Easy im not here to debate with you, I would bethe fool to debate and argue what I belive is truth. At the wnd of the day though you cant denie that what is going on was avoidable and people saw this coming a long time ago, so if there were not a outside force involved in this why would we purposle destroy our country and the world as ww know it, because we are at the point of no return and life as we know it will never be the same. With in 18 monthsmevery thing will come crashing down.

    One ? Easy, you dont belive that these things were in prophesy or that we were warned about them?

  4. This was prophesized insofar as it follows economic theory pertaining to paper money inflation. This is not unprecedented, this follows the same path as the inflation of the Continental, the French Assignat, the hyperinflation of Germany in the 1920's, or even the Roman Coin clipping inflation of ancient times.

  5. Quote Originally Posted by NattyT View Post
    One ? Easy, you dont belive that these things were in prophesy or that we were warned about them?
    No, only lunatics and people with weak minds believe that.
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  6. Quote Originally Posted by EasyEJL View Post
    No, only lunatics and people with weak minds believe that.
    I prophesize a reaction to this statement.

  7. Quote Originally Posted by NattyT View Post
    Easy I did not say it was about war, but I wasrefering to spending that comes from it. The U.S. has been in Iraq and afghan for how long?

    Your telling me that that has nothing to do with the current economic crisis, well I cant tell, the money wasted could have put people back to work.
    Obama's budget deficit the first year was more than what was spent on the war combined to date......

    No, it didn't have any significant effect on the economy, if anything it was a positive note as almost all of the equipment and materials used in the war was manufactured in the US. Our shortsighted labor unions have priced most of our production and assembly lines out of competition with imported goods, so this is one area where a war keeps manufacturing alive here. Its not like the money spent on the war got given to Iraqis and Afghanis, it was used to buy Humvee tires and repairs of equipment and ammunition.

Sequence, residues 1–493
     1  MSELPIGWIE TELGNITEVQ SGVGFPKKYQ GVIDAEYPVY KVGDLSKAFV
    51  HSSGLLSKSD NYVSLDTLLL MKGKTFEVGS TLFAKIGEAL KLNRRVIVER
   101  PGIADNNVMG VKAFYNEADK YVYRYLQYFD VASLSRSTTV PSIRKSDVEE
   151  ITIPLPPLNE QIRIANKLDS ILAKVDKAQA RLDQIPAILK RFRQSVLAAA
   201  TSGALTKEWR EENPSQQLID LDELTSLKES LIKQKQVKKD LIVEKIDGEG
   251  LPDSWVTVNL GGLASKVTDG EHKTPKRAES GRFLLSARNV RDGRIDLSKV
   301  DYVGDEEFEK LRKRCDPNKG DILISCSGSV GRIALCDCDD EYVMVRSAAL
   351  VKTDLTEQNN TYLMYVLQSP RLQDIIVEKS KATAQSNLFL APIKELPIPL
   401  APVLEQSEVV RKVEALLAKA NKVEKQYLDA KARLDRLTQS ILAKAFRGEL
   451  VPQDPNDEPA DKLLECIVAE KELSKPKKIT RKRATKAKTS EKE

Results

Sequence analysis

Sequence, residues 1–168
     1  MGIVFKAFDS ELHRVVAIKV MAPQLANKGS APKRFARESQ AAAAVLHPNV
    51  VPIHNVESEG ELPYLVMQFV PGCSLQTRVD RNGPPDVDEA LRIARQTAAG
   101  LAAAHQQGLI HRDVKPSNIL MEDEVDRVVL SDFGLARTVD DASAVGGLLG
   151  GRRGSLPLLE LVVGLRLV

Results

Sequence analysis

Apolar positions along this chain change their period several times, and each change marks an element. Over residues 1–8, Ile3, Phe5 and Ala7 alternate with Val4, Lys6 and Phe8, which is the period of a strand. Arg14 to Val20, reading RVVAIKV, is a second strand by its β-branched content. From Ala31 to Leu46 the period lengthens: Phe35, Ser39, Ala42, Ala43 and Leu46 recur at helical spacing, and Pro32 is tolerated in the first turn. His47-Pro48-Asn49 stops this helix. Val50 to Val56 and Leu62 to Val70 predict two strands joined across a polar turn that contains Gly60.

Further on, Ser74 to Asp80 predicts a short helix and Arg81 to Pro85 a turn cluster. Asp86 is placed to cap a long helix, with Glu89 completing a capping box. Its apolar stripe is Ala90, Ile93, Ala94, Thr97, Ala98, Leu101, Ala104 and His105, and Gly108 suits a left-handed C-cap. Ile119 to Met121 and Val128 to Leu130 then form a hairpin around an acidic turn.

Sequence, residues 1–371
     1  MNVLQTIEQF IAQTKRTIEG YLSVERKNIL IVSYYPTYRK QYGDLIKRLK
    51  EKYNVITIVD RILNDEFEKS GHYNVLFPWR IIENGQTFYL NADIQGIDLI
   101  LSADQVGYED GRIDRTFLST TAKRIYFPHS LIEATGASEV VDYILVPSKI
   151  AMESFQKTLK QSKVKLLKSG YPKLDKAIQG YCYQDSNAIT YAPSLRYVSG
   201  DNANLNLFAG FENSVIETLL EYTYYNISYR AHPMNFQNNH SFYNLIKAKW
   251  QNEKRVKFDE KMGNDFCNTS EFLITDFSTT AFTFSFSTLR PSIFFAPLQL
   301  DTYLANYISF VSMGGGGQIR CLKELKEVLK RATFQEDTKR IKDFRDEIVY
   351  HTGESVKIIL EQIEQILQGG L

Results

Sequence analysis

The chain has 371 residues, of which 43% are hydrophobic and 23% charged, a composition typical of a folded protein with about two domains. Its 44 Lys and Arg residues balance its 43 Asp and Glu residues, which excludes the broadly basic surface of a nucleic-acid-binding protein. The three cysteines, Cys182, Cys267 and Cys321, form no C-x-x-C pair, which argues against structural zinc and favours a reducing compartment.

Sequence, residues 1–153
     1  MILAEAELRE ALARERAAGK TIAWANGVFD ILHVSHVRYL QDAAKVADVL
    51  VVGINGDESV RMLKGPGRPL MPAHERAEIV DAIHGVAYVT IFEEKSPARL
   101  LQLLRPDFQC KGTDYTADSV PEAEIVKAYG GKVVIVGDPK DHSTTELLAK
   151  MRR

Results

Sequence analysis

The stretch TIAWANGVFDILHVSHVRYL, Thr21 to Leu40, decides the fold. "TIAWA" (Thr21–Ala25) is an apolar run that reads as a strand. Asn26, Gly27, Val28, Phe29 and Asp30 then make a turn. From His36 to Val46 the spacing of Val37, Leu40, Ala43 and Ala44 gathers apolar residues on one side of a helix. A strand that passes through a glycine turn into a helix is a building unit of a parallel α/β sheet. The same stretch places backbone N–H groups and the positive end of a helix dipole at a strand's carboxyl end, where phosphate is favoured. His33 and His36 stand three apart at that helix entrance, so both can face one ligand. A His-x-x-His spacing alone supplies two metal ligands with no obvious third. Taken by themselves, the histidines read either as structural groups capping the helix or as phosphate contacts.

In any case, its not the government's "job" to put people to work - its private businesses who put people to work. The less government spends, the less it taxes people and businesses, the more money there is in a growth potential sector for new jobs to be created. Again, simple math, no flying spaghetti monster necessary to explain it.

  8. WHAAAA???? Ja meen ders no flying spaghetti monster ?????? YOU LIE !!!!! hehee

  9. [QUOTE=NattyT;2536381] The qar that we currently fight is about relegion that we spend 50 billion on annualy. The papacy controls the world system and always has the pope rather you wont to belive it or not is in control and all world,leaders have bowed down to him and kissed his ring including islamic leaders.

    The conversations that have been held in secret places are done for that very reason..[/QUOTE]

    I gotta say dude what in the world have you been reading ???
    So let me get this straight.....the Roman Catholic Church controls the world ???
    You prolly read all about the Masons, The Illuminati, The Rosicrucians etc etc dont you.

    The American ppl did this. Yes WE did this to ourselfs by living in a dream world in which you could live WAY beyond your meens becuase of credit that you never should have had.
    Not saying its all of americans fualts but
    When Citizens of our country pay MUCH more attention to what is going on with some bubblegum popstar princess or with who is being drafted to what team INSTEAD of what is going on in Washington and WHY we choose to elect someone into office WE ARE SCREWED.

    We do not need some new world order antichrist conspiracy theorie to blame.
  10. lutherblsstt
    lutherblsstt's Avatar

    Quote Originally Posted by EasyEJL View Post
    Seriously, can you keep the religous drivel out of economic discussions?
    I second that motion!



    Its one thing the bring it up during a discussion that is based on morality, but quite another on something that is based on numbers. For every someone who comes up and says "heres a solution" there is someone who says how that won't work. There doesn't need to be any vast conspiracy to explain this, its simple math.

    Carter started the CRA (Community Reinvestment Act) to "help those who were underpriviledged" buy homes - ie force banks to write loans they wouldn't normally write because the groups were high risk. Clinton expanded it greatly. Bush removed some of the regulations on ratios at banks. We experienced a huge boom in lending, a huge boom in housing, followed by an equal crash. This was something that affected worldwide markets as lots of them invested in the US markets as well, and most other countries have their currency with a base of US dollars. Just as we (up until 1928) had our currency backed by gold, other countries have their currency backed by US dollars.